South of the capital is Ala Archa National Park, a perfect place for various activities. You can go mountain hiking, skiing, or simply sit down and have a picnic surrounded by nature.

In Bishkek itself, visit Ala-Too Square, lined with monuments telling the story of the Kyrgyz people and their quest for independence. Stop at the colourful Osh Bazaar, one of the largest marketplaces in Bishkek, to try Kyrgyz cuisine and buy souvenirs for your trip. It is also near where you can take the marshrutkas (routed taxicab) that leave Bishkek to get to Ala Archa.

If you want a fully escorted tour to Kyrgyzstan, Odyssey Traveller organises a 27-day Uzbekistan, Kazakhstan, Kyrgyzstan, Turkmenistan tour especially designed for the mature-age travellers. This Central Asian tour is a small-group educational program visiting places off the mainstream travel itinerary, combining spectacular scenery and encounters with both ancient and modern history. The group size is limited to 16 participants and promises focused attention and camaraderie. Click through the link to see the itinerary and sign up!

The Burana Tower in the Chuy Valley, north of the country’s capital Bishkek, Kyrgyzstan


A view of the mountain range in Ala-Archa National Park in Kyrgyzstan


Kyrgyzstan has the same variety of tourist accommodations as any other travel destination, with additional unique dwelling arrangements.

Among these is the yurt camps we’ve mentioned earlier. Yurts emerge on the Kyrgyz countryside during the summer, set up by local families to graze their animals on the mountain meadows. At Song-Kul, the yurt camp is set up on the bank of the lake. A yurt is more sophisticated than a tent, but still relatively basic accommodation. The yurt camps do not have shower facilities, but will have access to water and a private area for washing. The toilets are “outhouse” style, at a distance from the yurts – please ensure you bring a torch for night-time visits (head-torches are particularly useful!).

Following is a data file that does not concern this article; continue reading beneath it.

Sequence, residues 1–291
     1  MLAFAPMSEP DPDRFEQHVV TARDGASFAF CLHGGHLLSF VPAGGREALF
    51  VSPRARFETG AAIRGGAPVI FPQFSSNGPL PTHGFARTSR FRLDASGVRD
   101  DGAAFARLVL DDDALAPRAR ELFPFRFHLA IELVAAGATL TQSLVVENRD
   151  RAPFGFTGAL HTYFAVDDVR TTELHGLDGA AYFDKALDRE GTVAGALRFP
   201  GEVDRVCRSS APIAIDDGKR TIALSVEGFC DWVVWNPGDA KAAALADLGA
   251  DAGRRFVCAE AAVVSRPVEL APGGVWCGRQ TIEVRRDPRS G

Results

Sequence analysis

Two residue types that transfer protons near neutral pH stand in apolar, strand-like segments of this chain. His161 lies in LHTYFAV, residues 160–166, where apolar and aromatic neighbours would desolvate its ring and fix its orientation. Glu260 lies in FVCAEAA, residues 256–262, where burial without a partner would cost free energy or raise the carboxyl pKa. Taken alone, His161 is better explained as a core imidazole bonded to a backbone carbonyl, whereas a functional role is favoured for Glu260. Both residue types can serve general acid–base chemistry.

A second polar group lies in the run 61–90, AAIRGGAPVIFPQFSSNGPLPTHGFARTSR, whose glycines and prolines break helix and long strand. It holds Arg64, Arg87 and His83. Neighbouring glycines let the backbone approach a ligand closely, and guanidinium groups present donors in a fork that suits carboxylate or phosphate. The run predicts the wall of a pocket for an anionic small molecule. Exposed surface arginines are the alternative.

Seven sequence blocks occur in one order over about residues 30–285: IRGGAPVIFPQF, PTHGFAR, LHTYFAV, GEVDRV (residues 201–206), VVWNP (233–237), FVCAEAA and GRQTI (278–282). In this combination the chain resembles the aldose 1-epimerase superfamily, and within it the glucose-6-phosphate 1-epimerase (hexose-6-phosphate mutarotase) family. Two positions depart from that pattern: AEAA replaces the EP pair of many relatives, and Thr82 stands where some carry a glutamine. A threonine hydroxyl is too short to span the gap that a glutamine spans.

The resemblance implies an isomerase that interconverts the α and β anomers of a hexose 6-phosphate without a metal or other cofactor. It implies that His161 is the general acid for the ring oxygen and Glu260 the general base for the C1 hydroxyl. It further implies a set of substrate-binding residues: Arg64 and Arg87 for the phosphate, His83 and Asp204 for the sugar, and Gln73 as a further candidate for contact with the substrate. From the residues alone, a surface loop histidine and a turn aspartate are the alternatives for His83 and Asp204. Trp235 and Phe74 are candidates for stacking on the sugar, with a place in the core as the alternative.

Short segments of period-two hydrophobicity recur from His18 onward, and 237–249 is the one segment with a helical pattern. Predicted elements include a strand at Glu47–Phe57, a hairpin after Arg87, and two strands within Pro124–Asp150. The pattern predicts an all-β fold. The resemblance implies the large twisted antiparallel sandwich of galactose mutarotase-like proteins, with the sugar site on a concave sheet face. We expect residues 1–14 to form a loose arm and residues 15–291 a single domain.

Kyrgyzstan is still quite a young travel destination, so you will be hard-pressed to find a grand hotel outside Bishkek or the other major cities. Within the capital you will find a range of luxury to budget accommodations, from hotels to Airbnb-type apartment rentals.

What you’ll wear will depend on your activities and the time of year you will be visiting Kyrgyzstan. The majority of the population follows Sunni Islam, but this does not translate to conservative clothing requirements. However, when visiting mosques, women must cover their heads, and all visitors must wear clothing that cover their knees.

In Bishkek, you can wear whatever is comfortable. Short-sleeve tops for women are not an odd sight in this cosmopolitan, European-influenced city. Consider packing something smart if you are planning an evening out. Wear warm layers (even during the summer) if you are heading to the mountains, and bring appropriate quick-dry hiking or rain gear to protect you from sudden changes in the weather.

If you want to learn more about Kyrgyzstan and Central Asia, join our 27-day Uzbekistan, Kazakhstan, Kyrgyzstan, Turkmenistan tour especially designed for the mature-age travellers. 

You can also read the following articles:

See our previously published articles with questions and answers that you may wish to read as well:



A yurt in the mountains of Kyrgyzstan